How to Create and Run Linux Bash Scripts


Bourne-Again SHell (BASH) is a Unix shell available by default on Linux. This short article will explain how to write bash scripts and provide some examples.

The first line in a bash script should always be: #!/bin/bash. The # is not a comment in this case. #! Is called “shebang” and is used by the shell to decide which interpreter to run the rest of the script, in this case /bin/bash.
After the first line, starting a line with # means everything on that line is a comment.

Now let’s create our first script:

sudo vi /home/

And place this amazing content to show the date 🙂


To be able to run the script, we need to give it execute privileges:

sudo chmod +x  /home/

And now let’s run it (and find out what date is today):


Let’s edit our script and make it a little nicer:

sudo vi /home/

And replace the contents with the following:

echo Today’s date is:
# This is a comment - the following command adds a format to the date
date +"%m-%d-%y"

Now let’s create another script which includes reading input from the user, an if statement, a for loop and use of some variables:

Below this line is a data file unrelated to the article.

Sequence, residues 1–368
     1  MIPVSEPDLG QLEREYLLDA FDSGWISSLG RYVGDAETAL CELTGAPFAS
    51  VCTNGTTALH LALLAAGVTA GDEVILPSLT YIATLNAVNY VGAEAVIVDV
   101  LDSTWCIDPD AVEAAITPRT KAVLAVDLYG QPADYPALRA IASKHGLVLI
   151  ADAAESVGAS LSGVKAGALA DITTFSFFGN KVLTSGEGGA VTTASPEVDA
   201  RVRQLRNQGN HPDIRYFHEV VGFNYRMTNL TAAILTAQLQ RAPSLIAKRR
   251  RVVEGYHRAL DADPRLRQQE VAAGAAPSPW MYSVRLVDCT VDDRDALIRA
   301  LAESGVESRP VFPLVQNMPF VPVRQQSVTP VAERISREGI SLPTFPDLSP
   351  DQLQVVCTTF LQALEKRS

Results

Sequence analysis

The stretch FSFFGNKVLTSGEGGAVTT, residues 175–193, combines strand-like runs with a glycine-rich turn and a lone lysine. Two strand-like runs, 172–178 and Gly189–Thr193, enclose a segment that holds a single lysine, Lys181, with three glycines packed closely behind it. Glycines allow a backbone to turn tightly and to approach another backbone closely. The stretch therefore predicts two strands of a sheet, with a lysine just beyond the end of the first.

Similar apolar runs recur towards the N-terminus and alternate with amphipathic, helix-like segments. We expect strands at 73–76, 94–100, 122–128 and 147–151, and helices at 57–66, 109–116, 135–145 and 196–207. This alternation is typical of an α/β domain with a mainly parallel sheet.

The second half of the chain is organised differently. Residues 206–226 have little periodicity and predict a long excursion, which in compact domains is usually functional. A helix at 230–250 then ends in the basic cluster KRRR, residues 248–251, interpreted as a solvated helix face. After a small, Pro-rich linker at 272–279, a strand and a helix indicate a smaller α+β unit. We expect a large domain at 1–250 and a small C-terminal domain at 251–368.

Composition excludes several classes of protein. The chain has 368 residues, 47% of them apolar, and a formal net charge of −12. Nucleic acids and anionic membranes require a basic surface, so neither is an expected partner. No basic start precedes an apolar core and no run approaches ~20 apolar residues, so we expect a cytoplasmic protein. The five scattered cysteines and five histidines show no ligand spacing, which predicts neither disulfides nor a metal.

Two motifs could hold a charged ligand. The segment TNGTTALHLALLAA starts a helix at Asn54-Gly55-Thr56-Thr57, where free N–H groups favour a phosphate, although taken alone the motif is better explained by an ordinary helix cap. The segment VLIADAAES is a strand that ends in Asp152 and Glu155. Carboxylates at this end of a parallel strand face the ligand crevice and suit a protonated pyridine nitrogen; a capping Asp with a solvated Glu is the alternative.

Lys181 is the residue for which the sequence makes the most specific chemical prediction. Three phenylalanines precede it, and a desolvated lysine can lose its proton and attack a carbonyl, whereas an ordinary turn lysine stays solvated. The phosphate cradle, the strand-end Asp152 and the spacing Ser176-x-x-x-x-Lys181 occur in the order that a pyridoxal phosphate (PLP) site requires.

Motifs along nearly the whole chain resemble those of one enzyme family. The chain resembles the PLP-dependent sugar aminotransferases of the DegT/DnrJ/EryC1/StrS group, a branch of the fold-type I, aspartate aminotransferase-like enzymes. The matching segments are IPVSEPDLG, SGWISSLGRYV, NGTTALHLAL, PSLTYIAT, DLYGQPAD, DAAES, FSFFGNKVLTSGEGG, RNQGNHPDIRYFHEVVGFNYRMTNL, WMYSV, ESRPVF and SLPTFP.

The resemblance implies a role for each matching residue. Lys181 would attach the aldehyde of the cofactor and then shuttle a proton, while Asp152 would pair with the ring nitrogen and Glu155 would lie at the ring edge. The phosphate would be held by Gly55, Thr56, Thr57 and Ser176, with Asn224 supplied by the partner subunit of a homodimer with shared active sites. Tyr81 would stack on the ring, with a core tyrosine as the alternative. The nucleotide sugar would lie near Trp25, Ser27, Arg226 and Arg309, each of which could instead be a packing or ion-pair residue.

sudo vi /home/

And paste this content:

echo Name:
read myName
echo Hello $myName

# Let's add some punctuation to it :), Notice the -e to paramer to add line break for \n
echo -e '\nWith punctuation\nHello,' $myName! '\n'

colors=("Red" "Blue" "Green")
for i in {0..2}
   echo Color $i is ${colors[$i]}
echo -e '\nEnter a number'

read myNumber
if [ $myNumber -lt 5 ]
  echo Number is less than 5
  # if you do not enter a number, an error will occur but the script will not stop
  echo Number is greater or equal to 5, or you did not enter a number

Don’t forget the permissions 🙂

sudo chmod +x  /home/

And run it:


You created and ran some bash scripts. Perfect.

Now it’s to time to write scripts that actually do something useful (e.g. backup you database, files, etc.)

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